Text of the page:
Reuters:  President Joe Biden headed to Japan on Sunday to launch a plan for greater US economic engagement with the Indo-Pacific, facing criticism even before the programme is announced that it will offer scant benefit to countries in the region.
 On the second leg of his first Asia trip as president, Biden is to meet with leaders of Japan, India and Australia, the “Quad,” another cornerstone of his strategy to push back against China’s expanding influence. In Tokyo on Monday, Biden will call on Emperor Naruhito before talks with Prime Minister Fumio Kishida. He and Kishida are expected to discuss Japan’s plans to expand its military capabilities and reach in response to China’s growing might.
 Tokyo will also see the launch on Monday of Biden’s long-awaited Indo-Pacific Economic Framework for Prosperity (IPEF), a programme intended to bind regional countries more closely via common standards in areas including supply-chain resilience, clean energy, infrastructure and digital trade.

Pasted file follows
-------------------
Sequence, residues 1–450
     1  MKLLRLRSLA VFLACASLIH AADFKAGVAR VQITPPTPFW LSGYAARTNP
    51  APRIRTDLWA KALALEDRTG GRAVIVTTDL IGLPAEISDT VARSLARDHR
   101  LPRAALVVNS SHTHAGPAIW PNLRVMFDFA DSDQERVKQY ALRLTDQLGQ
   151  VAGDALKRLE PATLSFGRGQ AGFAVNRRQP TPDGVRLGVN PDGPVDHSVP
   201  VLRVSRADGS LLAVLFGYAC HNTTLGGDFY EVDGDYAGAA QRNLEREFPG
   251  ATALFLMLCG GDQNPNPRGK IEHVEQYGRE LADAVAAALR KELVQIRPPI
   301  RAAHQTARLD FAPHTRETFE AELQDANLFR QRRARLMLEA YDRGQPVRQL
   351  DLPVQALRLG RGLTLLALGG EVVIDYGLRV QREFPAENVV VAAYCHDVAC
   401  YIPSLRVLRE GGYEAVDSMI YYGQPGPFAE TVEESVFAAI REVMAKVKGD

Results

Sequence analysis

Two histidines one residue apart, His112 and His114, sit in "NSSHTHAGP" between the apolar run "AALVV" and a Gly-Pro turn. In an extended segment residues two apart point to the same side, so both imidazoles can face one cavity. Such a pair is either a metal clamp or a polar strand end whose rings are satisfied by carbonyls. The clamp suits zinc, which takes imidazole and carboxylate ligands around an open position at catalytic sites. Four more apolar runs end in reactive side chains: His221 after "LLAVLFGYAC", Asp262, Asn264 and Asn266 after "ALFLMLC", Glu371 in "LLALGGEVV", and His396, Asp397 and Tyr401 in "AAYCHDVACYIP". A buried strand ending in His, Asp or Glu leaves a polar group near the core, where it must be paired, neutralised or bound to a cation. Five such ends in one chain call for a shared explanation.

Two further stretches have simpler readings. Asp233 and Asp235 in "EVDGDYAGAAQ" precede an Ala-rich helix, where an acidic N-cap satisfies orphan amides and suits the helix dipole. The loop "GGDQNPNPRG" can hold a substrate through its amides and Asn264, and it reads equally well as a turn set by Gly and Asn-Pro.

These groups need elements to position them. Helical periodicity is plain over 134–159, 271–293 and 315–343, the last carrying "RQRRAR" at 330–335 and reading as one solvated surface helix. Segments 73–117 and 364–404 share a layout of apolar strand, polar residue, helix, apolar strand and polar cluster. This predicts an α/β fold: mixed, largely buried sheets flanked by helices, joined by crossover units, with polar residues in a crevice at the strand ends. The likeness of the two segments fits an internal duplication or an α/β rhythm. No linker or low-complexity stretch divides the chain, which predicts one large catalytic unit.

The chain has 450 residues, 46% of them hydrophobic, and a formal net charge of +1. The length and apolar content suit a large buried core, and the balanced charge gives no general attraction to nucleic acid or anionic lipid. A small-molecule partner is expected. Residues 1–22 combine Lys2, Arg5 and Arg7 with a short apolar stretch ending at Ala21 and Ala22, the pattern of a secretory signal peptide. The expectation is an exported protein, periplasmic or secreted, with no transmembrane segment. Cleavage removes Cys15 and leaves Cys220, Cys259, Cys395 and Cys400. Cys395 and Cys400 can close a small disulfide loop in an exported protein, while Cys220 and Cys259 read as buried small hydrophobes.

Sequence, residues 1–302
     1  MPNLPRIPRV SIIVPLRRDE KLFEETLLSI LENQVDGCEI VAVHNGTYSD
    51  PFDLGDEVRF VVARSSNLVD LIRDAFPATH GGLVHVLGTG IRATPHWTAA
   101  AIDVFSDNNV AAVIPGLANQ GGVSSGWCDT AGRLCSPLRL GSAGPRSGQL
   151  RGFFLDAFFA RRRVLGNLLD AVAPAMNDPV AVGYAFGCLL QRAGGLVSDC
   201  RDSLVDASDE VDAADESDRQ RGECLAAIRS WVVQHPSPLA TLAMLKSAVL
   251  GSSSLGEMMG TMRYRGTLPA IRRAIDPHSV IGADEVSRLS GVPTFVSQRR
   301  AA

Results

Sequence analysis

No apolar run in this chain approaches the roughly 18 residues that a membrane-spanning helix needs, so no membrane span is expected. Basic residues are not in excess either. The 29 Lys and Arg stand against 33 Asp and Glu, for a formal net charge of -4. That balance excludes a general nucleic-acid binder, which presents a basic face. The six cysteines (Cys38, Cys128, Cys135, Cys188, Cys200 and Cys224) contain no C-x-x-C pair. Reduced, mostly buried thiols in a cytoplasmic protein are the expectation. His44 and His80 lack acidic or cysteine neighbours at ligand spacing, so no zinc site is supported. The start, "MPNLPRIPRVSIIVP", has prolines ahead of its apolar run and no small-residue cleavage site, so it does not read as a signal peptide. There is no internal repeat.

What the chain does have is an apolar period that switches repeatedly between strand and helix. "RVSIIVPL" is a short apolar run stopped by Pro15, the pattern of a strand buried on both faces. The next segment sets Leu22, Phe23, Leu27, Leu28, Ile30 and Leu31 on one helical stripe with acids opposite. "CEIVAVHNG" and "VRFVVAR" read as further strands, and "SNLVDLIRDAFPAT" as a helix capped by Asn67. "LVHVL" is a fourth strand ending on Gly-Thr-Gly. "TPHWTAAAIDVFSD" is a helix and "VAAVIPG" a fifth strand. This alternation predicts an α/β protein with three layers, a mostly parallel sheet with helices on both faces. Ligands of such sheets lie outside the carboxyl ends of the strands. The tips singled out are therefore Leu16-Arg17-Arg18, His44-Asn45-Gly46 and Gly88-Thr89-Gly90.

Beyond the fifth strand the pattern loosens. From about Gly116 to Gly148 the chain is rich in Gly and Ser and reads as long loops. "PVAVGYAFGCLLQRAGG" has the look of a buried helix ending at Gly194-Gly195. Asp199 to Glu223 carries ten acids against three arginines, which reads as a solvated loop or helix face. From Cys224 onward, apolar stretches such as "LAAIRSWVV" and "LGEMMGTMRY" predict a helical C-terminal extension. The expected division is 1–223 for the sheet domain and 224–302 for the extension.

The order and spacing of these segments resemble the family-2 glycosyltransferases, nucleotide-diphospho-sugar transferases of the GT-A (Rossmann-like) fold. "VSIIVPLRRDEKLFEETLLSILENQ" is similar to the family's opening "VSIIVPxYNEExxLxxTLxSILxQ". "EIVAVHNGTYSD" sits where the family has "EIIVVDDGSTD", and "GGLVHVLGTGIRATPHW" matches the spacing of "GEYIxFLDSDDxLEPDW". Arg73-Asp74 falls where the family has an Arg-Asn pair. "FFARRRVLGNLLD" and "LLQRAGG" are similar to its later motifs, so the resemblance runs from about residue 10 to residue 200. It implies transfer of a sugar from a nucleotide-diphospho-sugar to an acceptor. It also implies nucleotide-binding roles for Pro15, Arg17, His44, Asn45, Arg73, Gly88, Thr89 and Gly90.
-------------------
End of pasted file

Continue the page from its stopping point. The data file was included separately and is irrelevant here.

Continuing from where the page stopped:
Washington has lacked an economic pillar to its Indo-Pacific engagement since former President Donald Trump quit a multinational trade agreement now known as the Comprehensive and Progressive Agreement for Trans-Pacific Partnership, leaving the field open to China to expand its influence.